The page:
Siemens Advanta to Optimize Morf3D’s Long Beach 3D Printing Facility

Inkbit

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Morf3D continues to push towards a digital future that is fully integrated and automated. The El Segundo-based company, best known for creating aerospace components via additive manufacturing, continues to add fresh layers to its new headquarters, the Applied Digital Manufacturing Center (ADMC) in Long Beach, California. In the last year, the company has partnered with pioneering 3D printing companies like SLM Solutions and EOS to equip the facility and help drive the industrialization of digital manufacturing in high-growth markets.

According to the latest announcement, Morf3D has partnered with Siemens Advanta, the IoT consultancy and solutions integration arm of the global technology powerhouse, to develop a scale-up plan and bottleneck analysis, as well as explore novel manufacturing and logistic concepts for the Long Beach center.

The two entities have committed to an ongoing technology development partnership as Morf3D continues to build its new Applied Digital Manufacturing Center in Long Beach. There, the two partners will validate material flow and space demand based on a digital twin in production, an enhanced computer model that acts as a digital representation and uses inputs from a real-world component.

“Siemens Advanta is proud to contribute to the forward-thinking innovation that is transforming the additive manufacturing industry,” said Rani Shea, CEO of Siemens Advanta, North America. “In working with Morf3D and its new ADMC, we look forward to helping optimize additive manufacturing capabilities for the aerospace industry.”

Creating value for AM

Morf3D’s ADMC is a new 90,000 square foot state-of-the-art facility that harnesses applied research, advanced engineering and application development, serial production, and most significantly, new industry partnerships with global leaders to drive the industrialization of digital manufacturing in high-growth markets.

As part of Siemens Advanta’s inaugural project, the consultancy will leverage advanced design and simulation software from Siemens Digital Industries. Furthermore, Siemens Advanta’s work at the new ADMC will transition into additional ongoing software innovations and on-site personnel support.

“We are constantly thinking about how to further our industry, and this partnership with Siemens Advanta gives us a great sense of optimism for the future,” revealed Ivan Madera, CEO of Morf3D. “Morf3D is experiencing growth at a rapid rate. We wanted to make sure that our factory was flexible and that we had a team able to understand the challenges that we might face, not just today, but in the future too.”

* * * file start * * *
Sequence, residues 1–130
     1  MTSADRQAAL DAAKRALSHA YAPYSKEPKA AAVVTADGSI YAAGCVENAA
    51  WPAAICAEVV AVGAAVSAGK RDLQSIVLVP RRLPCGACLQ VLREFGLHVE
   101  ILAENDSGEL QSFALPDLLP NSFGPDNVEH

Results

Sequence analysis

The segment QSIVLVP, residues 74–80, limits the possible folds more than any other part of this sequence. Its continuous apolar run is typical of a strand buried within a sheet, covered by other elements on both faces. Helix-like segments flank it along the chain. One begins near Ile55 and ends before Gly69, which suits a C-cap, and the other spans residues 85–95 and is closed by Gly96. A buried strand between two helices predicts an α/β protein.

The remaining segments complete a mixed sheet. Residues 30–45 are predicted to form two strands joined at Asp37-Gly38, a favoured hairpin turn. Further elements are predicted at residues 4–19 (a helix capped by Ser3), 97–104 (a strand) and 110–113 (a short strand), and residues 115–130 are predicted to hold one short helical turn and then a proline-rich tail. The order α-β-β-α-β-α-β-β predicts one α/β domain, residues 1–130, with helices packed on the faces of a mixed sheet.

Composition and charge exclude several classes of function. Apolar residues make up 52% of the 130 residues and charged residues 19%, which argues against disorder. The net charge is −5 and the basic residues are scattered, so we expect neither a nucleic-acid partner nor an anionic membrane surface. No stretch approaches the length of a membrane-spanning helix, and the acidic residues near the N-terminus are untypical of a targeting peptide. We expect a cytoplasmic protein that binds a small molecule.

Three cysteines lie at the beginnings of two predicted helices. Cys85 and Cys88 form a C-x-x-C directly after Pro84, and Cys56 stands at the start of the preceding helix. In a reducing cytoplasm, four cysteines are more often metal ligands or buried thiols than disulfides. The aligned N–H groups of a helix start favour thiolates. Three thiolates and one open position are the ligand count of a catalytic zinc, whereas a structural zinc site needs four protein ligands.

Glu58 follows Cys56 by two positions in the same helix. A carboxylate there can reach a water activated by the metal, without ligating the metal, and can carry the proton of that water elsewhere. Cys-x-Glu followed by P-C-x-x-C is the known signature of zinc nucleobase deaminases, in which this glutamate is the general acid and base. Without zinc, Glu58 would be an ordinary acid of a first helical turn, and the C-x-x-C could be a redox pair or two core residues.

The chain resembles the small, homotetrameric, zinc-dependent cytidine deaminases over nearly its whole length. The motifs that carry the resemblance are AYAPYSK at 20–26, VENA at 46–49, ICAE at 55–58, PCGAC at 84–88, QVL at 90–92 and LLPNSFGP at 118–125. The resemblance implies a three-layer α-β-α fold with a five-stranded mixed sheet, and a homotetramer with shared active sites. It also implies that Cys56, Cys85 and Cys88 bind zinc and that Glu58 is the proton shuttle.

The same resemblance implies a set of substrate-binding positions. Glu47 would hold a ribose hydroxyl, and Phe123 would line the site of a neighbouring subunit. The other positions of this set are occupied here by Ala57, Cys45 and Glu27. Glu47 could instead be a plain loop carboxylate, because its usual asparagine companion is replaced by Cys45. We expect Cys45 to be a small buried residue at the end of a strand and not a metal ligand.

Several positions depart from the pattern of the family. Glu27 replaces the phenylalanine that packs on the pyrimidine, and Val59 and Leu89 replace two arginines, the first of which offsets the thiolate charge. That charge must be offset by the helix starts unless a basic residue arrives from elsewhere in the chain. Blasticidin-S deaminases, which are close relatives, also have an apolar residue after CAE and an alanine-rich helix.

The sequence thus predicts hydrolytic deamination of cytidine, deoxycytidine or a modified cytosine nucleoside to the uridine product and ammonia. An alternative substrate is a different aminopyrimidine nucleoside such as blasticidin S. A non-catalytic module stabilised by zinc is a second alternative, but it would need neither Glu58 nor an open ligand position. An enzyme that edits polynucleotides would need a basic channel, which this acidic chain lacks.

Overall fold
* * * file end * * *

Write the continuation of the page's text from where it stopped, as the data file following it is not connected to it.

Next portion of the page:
The company claims its investment in the new California facility underscores its commitment to developing a strong industrial base that improves the quality of its products, enhances technical capabilities, and enriches customer applications worldwide. The center is projected to be one of the largest aerospace 3D printing solution integrators in the US. Even more so, at its peak, the center will be home to 150 multi-discipline engineers, research staff, and technical teams.

Morf3D facilities.

Morf3D facilities. Image courtesy of Morf3D.

Since being founded in 2015, the startup has supplied highly complex 3D printed customized parts for flight to aerospace, defense, and space companies. Many of its products have landed on the Moon, orbited Earth, and helped strengthen applications for customers. This is because Morf3D serves the world’s largest aerospace original equipment manufacturers (OEMs), including Honeywell, Northrop Grumman, and Collins Aerospace.

Notably, the startup has maintained a close relationship with one of its main clients, Boeing, producing 3D printed titanium and aluminum components for its satellites and helicopters. The commercial jetliner manufacturer even funded Morf3D on two occasions, once in April 2018 and again in August 2019, through its venture capital arm,  HorizonX Ventures, which identifies late seed through mid-growth stage startup opportunities for investment.

At the new location, Morf3D will be close to some major players in the up-and-coming space industry, like Virgin Orbit and Relativity Space. This closeness could help set the stage to dramatically enhance industry collaboration to further advance and accelerate AM production in the space industry.

In a social media post, Madera pointed out that the ADMC will “bring forth the worlds leading technology companies under one roof to create a fully integrated closed-loop production system. These developments will radically shape how we ultimately industrialize and scale AM (…) This isn’t about more capacity or capability, the ADMC’s mission is to solve the problem by addressing the entire value chain.”

One of the company’s main goals has been to create, build, and optimize its additive manufacturing facility, and so far, it has been doing just that. Eventually, the digital planning for the Long Beach factory will evolve into an ongoing technology development partnership between Morf3D and Siemens Advanta, suggest the two. Notably, they plan to help customers unlock their digital futures by offering end-to-end support for the creation of unique parts.

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